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A series LLC is a form of limited liability company that provides liability protection to multiple "series". Essentially, it's a master LLC with separate divisions, each protected and operating independently. As an entity, the series LLC is geared towards businesses where investors own multiple companies, with each series being protected from the debts and obligations of the other series. Currently, only several states support this option, including Delaware, Illinois, Iowa, Nevada, Oklahoma, Puerto Rico, Tennessee, Texas, and Utah.
Some businesses are prevented from forming an LLC, however. Typically financial companies such as banks, financial trust companies and insurance agencies can't file as an LLC. LLCs are sometimes limited for industries in certain states, too. For example, if you live in California, you can't form an LLC if you're an architect, accountant or licensed health care provider. Check out our LLC information by state for more details on your state.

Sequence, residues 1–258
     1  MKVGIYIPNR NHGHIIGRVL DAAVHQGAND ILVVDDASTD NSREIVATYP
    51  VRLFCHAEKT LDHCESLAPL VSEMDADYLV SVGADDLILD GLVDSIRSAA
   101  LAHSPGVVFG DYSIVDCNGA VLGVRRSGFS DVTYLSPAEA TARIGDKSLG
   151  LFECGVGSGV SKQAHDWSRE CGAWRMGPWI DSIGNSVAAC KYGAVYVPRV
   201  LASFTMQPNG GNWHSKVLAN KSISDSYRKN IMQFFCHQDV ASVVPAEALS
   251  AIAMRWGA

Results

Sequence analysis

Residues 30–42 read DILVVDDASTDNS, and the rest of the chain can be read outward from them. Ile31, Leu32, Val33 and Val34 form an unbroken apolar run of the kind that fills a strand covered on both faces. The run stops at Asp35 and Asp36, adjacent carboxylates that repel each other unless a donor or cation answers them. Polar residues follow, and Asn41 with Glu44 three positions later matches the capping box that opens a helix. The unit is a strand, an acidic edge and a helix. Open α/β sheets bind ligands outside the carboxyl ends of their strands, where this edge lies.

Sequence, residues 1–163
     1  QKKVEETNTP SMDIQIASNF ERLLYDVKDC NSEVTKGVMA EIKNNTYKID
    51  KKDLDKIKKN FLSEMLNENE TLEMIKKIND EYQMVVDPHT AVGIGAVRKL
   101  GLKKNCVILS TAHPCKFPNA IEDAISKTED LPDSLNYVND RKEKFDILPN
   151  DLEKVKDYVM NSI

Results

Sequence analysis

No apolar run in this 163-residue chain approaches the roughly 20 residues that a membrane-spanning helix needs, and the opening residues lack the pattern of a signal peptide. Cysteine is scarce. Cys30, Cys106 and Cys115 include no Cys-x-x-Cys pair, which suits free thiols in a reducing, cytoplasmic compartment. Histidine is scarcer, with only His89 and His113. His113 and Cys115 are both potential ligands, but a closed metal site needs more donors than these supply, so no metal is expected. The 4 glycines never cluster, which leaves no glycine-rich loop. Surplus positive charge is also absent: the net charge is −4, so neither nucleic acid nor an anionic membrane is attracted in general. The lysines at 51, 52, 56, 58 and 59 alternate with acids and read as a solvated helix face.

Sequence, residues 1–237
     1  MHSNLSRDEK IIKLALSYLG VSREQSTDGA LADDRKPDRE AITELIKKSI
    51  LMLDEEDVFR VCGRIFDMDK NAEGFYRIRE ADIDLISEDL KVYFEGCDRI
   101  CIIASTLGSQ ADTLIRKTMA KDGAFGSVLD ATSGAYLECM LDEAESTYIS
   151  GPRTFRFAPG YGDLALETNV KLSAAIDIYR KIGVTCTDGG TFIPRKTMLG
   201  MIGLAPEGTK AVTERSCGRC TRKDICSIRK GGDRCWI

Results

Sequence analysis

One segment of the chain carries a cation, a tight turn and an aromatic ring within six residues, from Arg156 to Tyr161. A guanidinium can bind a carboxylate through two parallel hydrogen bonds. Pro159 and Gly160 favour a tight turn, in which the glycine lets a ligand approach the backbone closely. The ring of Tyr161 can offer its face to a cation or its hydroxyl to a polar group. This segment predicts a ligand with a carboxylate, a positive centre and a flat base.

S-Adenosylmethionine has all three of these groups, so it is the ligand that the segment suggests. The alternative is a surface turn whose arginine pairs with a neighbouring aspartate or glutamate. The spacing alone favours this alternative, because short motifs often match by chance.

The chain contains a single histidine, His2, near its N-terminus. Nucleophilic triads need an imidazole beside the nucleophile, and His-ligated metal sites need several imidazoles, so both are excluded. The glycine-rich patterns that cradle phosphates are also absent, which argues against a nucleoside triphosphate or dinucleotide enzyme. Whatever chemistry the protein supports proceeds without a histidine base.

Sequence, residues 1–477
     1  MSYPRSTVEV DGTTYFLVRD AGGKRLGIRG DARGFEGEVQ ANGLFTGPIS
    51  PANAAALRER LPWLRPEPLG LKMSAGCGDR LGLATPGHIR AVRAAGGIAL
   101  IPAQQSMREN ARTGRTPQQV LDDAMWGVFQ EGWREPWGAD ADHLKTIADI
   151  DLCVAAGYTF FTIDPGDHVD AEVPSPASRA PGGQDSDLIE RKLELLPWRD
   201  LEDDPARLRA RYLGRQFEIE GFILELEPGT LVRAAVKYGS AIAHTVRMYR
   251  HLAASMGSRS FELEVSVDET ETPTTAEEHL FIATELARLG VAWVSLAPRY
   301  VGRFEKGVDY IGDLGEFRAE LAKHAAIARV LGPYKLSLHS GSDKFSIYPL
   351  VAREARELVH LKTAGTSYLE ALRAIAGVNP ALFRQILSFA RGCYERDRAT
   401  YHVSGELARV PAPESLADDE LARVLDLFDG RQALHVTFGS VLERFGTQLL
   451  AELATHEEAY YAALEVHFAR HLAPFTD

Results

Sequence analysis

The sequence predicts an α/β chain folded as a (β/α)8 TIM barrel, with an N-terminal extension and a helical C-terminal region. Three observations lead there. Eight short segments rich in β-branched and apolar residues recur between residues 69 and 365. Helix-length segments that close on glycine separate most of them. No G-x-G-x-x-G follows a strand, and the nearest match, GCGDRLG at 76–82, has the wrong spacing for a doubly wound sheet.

Unlike in many other Western countries, Canadian businesses generally only have one form of incorporation available. Unlimited liability corporations can be formed in Alberta "AULC", British Columbia "BCULC" and Nova Scotia "NSULC". The aforementioned unlimited liability corporations are generally not used as operating business structures, but are instead used to create favorable tax positions for either Americans investing in Canada or vice versa. For U.S. tax purposes the ULC is classified as a disregarded entity.